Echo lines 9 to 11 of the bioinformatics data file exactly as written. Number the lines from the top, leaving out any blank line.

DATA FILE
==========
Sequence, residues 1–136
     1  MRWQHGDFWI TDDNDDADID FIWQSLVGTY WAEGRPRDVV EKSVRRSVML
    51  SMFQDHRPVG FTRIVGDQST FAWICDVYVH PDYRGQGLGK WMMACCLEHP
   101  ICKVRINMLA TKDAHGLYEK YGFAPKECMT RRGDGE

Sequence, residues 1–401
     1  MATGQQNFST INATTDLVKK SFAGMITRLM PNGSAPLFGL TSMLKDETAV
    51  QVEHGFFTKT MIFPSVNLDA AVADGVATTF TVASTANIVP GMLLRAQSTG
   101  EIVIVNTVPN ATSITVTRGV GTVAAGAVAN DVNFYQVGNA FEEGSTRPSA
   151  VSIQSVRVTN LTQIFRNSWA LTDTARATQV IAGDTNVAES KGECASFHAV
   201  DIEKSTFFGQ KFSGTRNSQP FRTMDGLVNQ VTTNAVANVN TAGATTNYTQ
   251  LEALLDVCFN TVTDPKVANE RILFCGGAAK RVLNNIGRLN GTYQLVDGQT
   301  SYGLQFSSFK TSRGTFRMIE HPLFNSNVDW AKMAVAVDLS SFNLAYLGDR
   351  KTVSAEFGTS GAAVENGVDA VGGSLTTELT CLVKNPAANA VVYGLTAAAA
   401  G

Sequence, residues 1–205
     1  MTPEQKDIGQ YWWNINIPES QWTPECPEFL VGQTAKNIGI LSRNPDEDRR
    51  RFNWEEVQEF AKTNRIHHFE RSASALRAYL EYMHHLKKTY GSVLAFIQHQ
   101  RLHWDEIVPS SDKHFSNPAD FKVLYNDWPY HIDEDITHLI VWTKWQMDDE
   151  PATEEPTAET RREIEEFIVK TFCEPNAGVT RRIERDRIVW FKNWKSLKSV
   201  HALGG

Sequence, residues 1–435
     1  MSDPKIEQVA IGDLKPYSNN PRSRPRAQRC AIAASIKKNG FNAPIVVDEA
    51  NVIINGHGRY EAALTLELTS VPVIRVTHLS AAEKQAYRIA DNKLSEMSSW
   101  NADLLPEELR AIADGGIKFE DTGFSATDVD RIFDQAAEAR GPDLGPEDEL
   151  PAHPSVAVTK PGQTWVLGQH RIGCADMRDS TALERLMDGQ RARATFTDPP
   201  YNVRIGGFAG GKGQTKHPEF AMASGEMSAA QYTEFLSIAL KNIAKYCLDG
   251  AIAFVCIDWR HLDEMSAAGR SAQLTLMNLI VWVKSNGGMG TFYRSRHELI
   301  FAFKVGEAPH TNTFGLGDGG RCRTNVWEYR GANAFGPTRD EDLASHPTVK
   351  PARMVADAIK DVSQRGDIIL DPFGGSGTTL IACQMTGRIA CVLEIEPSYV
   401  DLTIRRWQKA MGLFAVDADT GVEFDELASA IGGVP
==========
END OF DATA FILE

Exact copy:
   151  VSIQSVRVTN LTQIFRNSWA LTDTARATQV IAGDTNVAES KGECASFHAV
   201  DIEKSTFFGQ KFSGTRNSQP FRTMDGLVNQ VTTNAVANVN TAGATTNYTQ
   251  LEALLDVCFN TVTDPKVANE RILFCGGAAK RVLNNIGRLN GTYQLVDGQT